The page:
The Final Keyword Research Formula

We now have in our spreadsheet a list of keywords, their local search volumes, a relevancy score and a competition score. The information is all numerical which allows us to combine all of the data to score each keyword fairly. To combine the data you must simply complete the following formula:

Local monthly search volume X relevancy X competition = keyword opportunity score

In the case of our keyword ‘dog house’ the formula might be as follows:

2500 X 0.8 X 0.8 = 1600

What is the advantage of this method? Let’s consider that you also have the keyword ‘cheap dog house’ in your list. This keyword may have a local search volume of 6000 and on the face of it seem like an excellent keyword choice. Then imagine that we carry out the research and find it to have a relevancy score of 1.0 but a competition score of 0.3. The formula would look like this:

6000 X 1.0 X 0.2 = 1200

When we take into account all factors we can immediately see that this keyword ends up with a lower final score and that optimising for ‘cheap dog house’ could be a bad move because the high levels of competition on this keyword are not made up for by the relevancy or search volume. This is invaluable information and can turn a mediocre SEO project into a winning one.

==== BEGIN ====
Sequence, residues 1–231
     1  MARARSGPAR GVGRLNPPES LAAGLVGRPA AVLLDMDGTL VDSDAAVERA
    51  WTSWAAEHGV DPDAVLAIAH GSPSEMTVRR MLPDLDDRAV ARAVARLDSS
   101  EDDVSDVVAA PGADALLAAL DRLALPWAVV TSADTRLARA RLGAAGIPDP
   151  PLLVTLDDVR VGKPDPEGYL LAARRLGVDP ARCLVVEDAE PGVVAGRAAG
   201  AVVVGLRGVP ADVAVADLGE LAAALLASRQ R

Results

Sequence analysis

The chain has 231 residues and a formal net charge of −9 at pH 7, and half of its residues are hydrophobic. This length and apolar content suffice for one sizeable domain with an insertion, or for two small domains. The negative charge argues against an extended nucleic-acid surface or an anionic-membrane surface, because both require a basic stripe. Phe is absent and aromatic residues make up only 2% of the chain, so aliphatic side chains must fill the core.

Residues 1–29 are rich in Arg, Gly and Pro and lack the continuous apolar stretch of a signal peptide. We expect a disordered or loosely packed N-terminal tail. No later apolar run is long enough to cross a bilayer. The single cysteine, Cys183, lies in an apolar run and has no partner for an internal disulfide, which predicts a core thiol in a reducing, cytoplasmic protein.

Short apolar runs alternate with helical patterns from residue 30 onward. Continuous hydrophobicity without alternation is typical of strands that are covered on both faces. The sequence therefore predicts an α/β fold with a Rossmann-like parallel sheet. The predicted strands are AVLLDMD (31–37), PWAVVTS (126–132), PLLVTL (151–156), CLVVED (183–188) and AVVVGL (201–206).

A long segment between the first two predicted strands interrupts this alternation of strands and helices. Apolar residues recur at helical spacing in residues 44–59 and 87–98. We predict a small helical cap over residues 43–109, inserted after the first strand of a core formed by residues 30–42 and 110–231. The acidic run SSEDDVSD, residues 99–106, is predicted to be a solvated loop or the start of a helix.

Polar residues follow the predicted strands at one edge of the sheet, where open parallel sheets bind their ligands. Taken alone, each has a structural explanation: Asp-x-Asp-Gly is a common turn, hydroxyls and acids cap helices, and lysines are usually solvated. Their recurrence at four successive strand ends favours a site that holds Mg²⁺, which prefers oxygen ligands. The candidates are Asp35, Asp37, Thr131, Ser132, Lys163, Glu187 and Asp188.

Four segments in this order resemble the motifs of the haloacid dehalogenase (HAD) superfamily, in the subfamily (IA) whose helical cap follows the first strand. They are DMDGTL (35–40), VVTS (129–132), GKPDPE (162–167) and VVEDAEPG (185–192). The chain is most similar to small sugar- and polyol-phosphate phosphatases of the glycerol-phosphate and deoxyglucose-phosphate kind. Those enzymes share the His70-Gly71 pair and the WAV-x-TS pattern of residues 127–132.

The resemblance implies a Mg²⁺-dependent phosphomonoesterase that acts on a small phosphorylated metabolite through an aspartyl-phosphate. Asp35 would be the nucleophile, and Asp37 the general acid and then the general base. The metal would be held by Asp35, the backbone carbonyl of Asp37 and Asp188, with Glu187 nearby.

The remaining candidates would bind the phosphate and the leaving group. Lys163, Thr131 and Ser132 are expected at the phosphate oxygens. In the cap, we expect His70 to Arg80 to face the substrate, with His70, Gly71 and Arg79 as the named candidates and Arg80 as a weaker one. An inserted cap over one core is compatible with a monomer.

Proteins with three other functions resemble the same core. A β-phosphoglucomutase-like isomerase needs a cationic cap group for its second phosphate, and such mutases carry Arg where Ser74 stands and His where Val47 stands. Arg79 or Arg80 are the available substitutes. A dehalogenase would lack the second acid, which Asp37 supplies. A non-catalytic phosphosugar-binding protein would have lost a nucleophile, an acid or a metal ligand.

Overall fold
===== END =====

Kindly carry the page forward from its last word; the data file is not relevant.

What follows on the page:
I would strongly recommend that all SEOs employ this keyword research method on future projects when time is tight, it certainly isn’t as advanced as keyword research gets, to see what else can be done I would point you in the direction of Richard Baxter, however it is certainly a robust and fair way to test all keywords and end up with a reliable list.

Screen Shot 2012-11-26 at 21.13.20

The Age of Endless Notifications

I have just returned from a three month trip around the ‘other side of the World’ which has meant that my laptop has also had a holiday of its own, in my cupboard at home. My iPad, due to often sketchy internet connections has also been on something of reduced hours.

The break from these tools of the modern age has been liberating at times, but it is the effect the break is having on my return that is most awakening. Upon firing up my laptop I was greeted with a barrage of notifications. Don’t get me wrong, I usually welcome notifications because they can signal some sort of electronic human contact which means that despite my fears, I am still a member of the social race.